Book Review: The Trumpet Major by Thomas Hardy

If you know me well and follow this blog (which narrows it down to about 4 people) you may have noted that I haven’t read that much Thomas Hardy lately. Aside from having other reading to do, I am fairly close to the end of the Hardy canon. Having been hooked by Jude the Obscure quite a few years ago, before this blog started, I have worked my way through his major works and am now going through some of lesser known novels. After this, the only ones I will have left to go are:

  • Two on a Tower
  • The Hand of Ethelberta
  • A Laodicean

After which, I expect to start again with those haven’t been reviewed on this blog. But enough of the future plans, what about this book?

This was the first of the books I received for Christmas. Starting a Hardy novel often takes a little time to tune in, as the cadences of the speech and some archaic words, as well the regional accents spelled phonetically, can confuse the modern reader who is more used to plain English. In this respect, the book’s opening reminded me of a slightly less shambolic start to that which greets us in Under the Greenwood Tree.

Our two main characters which come into sight are the Trumpet-Major himself and Anne, who is quite fond of the arrival of an army regiment in Overcombe in the Wessex downs. Unlike most of Hardy’s novels, set in the latter part of the 19th century, this is set in the early years of that century, particularly against the backdrop of the Napoleonic wars. Indeed, the reason the regiment take up their post on the south coast is because there is a belief (or is it fear?) that Buonaparte, as he is referred to, may be about to launch an invasion.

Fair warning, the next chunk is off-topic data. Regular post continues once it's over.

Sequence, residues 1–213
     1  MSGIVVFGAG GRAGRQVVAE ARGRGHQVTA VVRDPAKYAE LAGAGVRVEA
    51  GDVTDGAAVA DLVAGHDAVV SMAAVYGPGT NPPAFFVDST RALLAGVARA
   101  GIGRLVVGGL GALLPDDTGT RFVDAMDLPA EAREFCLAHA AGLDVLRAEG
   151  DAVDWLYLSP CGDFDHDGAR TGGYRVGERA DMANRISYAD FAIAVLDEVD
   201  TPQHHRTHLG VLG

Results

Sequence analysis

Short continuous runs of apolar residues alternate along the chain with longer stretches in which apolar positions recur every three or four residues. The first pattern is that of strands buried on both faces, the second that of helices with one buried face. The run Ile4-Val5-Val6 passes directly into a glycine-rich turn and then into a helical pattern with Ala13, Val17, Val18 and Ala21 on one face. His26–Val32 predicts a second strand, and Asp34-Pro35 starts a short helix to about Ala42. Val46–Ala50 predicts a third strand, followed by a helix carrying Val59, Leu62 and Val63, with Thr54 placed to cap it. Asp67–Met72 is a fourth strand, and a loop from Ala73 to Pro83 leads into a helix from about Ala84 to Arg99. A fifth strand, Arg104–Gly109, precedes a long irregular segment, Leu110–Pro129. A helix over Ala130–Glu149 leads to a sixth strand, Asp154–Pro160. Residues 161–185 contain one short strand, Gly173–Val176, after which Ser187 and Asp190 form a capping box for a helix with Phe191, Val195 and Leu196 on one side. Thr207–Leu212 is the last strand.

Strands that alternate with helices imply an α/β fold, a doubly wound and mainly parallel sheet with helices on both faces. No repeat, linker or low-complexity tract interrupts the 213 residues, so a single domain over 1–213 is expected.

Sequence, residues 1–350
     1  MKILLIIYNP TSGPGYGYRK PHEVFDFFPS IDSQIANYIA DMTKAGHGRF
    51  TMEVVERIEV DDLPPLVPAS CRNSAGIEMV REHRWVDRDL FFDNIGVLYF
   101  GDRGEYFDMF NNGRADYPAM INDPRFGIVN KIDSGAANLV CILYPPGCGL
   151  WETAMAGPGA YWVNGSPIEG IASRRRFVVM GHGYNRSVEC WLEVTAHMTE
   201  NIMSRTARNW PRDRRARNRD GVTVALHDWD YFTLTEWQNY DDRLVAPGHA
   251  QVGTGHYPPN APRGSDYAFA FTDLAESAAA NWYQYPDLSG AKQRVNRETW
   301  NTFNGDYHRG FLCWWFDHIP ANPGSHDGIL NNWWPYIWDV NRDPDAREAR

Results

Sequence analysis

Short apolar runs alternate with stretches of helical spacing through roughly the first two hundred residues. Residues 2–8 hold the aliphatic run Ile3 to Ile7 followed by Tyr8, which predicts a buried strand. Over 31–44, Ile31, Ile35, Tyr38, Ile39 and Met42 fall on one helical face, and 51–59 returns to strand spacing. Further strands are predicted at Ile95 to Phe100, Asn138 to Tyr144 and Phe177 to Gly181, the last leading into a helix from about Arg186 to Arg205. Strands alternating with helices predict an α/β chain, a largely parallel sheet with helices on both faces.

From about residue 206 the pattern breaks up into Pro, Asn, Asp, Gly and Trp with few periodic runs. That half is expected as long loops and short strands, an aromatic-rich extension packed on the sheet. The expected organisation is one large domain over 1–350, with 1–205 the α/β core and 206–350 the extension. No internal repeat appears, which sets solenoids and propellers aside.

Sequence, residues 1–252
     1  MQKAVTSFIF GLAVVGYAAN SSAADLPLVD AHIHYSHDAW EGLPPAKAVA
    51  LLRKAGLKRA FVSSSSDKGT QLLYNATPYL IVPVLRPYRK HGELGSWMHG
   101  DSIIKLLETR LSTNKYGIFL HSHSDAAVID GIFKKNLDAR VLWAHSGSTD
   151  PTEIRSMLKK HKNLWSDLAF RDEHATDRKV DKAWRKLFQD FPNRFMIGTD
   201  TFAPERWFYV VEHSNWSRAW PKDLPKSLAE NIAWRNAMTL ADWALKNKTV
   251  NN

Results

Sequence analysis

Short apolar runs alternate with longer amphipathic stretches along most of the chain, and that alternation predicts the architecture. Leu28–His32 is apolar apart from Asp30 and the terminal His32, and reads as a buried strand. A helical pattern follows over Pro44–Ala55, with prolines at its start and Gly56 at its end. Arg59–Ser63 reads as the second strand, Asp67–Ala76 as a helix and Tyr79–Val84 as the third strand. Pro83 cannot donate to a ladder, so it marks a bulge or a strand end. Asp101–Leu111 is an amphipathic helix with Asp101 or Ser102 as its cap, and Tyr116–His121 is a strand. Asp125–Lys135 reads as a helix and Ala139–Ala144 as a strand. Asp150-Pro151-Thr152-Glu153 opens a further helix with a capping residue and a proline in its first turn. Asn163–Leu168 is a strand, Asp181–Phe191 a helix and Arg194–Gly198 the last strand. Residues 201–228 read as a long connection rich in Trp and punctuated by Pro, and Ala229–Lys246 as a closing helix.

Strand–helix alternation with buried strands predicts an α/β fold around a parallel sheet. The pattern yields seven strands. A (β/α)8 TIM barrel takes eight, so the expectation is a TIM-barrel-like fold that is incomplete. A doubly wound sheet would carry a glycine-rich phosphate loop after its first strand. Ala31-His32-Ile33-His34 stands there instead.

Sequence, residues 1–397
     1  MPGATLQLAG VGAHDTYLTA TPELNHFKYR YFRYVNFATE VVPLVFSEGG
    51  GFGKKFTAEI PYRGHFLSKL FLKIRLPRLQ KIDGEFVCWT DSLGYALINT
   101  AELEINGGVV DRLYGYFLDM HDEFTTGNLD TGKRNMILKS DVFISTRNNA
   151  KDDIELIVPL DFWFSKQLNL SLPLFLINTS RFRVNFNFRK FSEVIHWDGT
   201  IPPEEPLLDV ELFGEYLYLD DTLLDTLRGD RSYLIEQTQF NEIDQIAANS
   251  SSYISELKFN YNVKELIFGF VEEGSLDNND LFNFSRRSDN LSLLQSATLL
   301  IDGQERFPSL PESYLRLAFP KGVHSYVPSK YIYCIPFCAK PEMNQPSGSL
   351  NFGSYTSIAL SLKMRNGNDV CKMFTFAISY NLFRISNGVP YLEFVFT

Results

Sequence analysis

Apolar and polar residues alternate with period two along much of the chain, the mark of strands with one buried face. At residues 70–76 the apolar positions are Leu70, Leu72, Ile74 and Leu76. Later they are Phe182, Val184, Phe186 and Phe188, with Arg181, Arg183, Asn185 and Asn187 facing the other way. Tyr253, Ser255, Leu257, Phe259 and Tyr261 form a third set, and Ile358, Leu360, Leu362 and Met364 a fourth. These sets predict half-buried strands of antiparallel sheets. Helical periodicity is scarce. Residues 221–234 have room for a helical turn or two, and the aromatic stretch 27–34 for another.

There is something of a friendship developed between the man of the army and woman of the village, but their social status is not the primary driver between them. Other suitors are nearby, not least the character of Festus Derriman. To him is afforded the very worst of characteristics. He thinks of himself as a gentleman, but is a misogynist of the ugliest character, with lines such as “Haw, haw; why, I thought your “go away” meant “come on” as it does with so many of the women I meet.” Charming.

The other contender for Anne’s affection is a character called Bob. Here, Hardy’s storytelling skills fall down a little, as it is not until second half of the book that we work out (though it is not a startling revelation, as though it were a plot point) that Bob is in fact the brother of trumpet major, who is sometimes referred to as John, sometimes as Jack. This creates some confusion when a character is then referred to simply by their surname, as the reader cannot immediately tell if it is Bob or John who is being referenced.

As with some of Hardy’s best work, somebody dies and somebody falls in love, though I shan’t disclose here the final outcome. The level of drama ramps up, making the second half of the book much better than the first, not least because some of the background characters drop out of the picture, leaving us with fewer characters to focus on, though I wasn’t overly impressed with the depth of characterisation. The climax of the book was marvelously entertaining and I still wasn’t sure what the final outcome would be right up until the final few pages.

It’s a wonderfully entertaining book that kept me distracted for little over a week, but I can see why it’s not considered part of Hardy’s “core” canon.

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